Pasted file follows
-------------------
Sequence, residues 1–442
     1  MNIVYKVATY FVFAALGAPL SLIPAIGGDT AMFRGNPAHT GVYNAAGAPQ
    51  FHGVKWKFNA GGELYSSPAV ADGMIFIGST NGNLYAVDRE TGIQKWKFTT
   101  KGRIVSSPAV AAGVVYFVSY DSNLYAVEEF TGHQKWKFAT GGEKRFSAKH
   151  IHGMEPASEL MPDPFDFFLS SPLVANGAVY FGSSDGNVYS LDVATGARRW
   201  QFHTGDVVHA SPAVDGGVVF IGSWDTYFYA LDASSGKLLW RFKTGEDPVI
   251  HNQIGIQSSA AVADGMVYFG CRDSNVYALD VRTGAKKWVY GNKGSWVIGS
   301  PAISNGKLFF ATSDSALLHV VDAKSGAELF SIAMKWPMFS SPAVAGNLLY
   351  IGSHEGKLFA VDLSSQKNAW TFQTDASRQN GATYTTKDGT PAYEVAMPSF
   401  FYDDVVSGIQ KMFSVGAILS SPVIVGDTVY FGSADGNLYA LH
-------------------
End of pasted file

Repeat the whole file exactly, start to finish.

Sequence, residues 1–442
     1  MNIVYKVATY FVFAALGAPL SLIPAIGGDT AMFRGNPAHT GVYNAAGAPQ
    51  FHGVKWKFNA GGELYSSPAV ADGMIFIGST NGNLYAVDRE TGIQKWKFTT
   101  KGRIVSSPAV AAGVVYFVSY DSNLYAVEEF TGHQKWKFAT GGEKRFSAKH
   151  IHGMEPASEL MPDPFDFFLS SPLVANGAVY FGSSDGNVYS LDVATGARRW
   201  QFHTGDVVHA SPAVDGGVVF IGSWDTYFYA LDASSGKLLW RFKTGEDPVI
   251  HNQIGIQSSA AVADGMVYFG CRDSNVYALD VRTGAKKWVY GNKGSWVIGS
   301  PAISNGKLFF ATSDSALLHV VDAKSGAELF SIAMKWPMFS SPAVAGNLLY
   351  IGSHEGKLFA VDLSSQKNAW TFQTDASRQN GATYTTKDGT PAYEVAMPSF
   401  FYDDVVSGIQ KMFSVGAILS SPVIVGDTVY FGSADGNLYA LH